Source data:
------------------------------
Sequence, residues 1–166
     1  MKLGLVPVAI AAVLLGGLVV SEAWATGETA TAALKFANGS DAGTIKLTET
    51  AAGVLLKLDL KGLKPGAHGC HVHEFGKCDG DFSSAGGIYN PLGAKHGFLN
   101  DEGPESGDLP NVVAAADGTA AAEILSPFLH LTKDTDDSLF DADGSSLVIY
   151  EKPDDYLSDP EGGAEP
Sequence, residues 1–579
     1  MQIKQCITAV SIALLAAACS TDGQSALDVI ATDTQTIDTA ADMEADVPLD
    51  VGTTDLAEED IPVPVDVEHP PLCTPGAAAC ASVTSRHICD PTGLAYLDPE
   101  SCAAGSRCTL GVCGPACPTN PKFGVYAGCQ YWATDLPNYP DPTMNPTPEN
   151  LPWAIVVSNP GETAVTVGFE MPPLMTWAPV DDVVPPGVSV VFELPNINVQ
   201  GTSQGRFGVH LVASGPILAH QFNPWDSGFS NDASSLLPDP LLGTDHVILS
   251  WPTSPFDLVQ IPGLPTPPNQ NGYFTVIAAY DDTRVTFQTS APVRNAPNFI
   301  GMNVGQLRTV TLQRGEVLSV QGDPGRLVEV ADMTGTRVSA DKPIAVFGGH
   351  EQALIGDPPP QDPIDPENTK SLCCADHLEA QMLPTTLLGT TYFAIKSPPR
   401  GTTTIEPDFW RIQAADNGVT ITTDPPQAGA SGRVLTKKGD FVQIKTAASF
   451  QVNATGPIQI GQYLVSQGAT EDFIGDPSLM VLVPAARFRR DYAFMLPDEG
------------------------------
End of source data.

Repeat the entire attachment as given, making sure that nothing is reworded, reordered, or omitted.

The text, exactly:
Sequence, residues 1–166
     1  MKLGLVPVAI AAVLLGGLVV SEAWATGETA TAALKFANGS DAGTIKLTET
    51  AAGVLLKLDL KGLKPGAHGC HVHEFGKCDG DFSSAGGIYN PLGAKHGFLN
   101  DEGPESGDLP NVVAAADGTA AAEILSPFLH LTKDTDDSLF DADGSSLVIY
   151  EKPDDYLSDP EGGAEP
Sequence, residues 1–579
     1  MQIKQCITAV SIALLAAACS TDGQSALDVI ATDTQTIDTA ADMEADVPLD
    51  VGTTDLAEED IPVPVDVEHP PLCTPGAAAC ASVTSRHICD PTGLAYLDPE
   101  SCAAGSRCTL GVCGPACPTN PKFGVYAGCQ YWATDLPNYP DPTMNPTPEN
   151  LPWAIVVSNP GETAVTVGFE MPPLMTWAPV DDVVPPGVSV VFELPNINVQ
   201  GTSQGRFGVH LVASGPILAH QFNPWDSGFS NDASSLLPDP LLGTDHVILS
   251  WPTSPFDLVQ IPGLPTPPNQ NGYFTVIAAY DDTRVTFQTS APVRNAPNFI
   301  GMNVGQLRTV TLQRGEVLSV QGDPGRLVEV ADMTGTRVSA DKPIAVFGGH
   351  EQALIGDPPP QDPIDPENTK SLCCADHLEA QMLPTTLLGT TYFAIKSPPR
   401  GTTTIEPDFW RIQAADNGVT ITTDPPQAGA SGRVLTKKGD FVQIKTAASF
   451  QVNATGPIQI GQYLVSQGAT EDFIGDPSLM VLVPAARFRR DYAFMLPDEG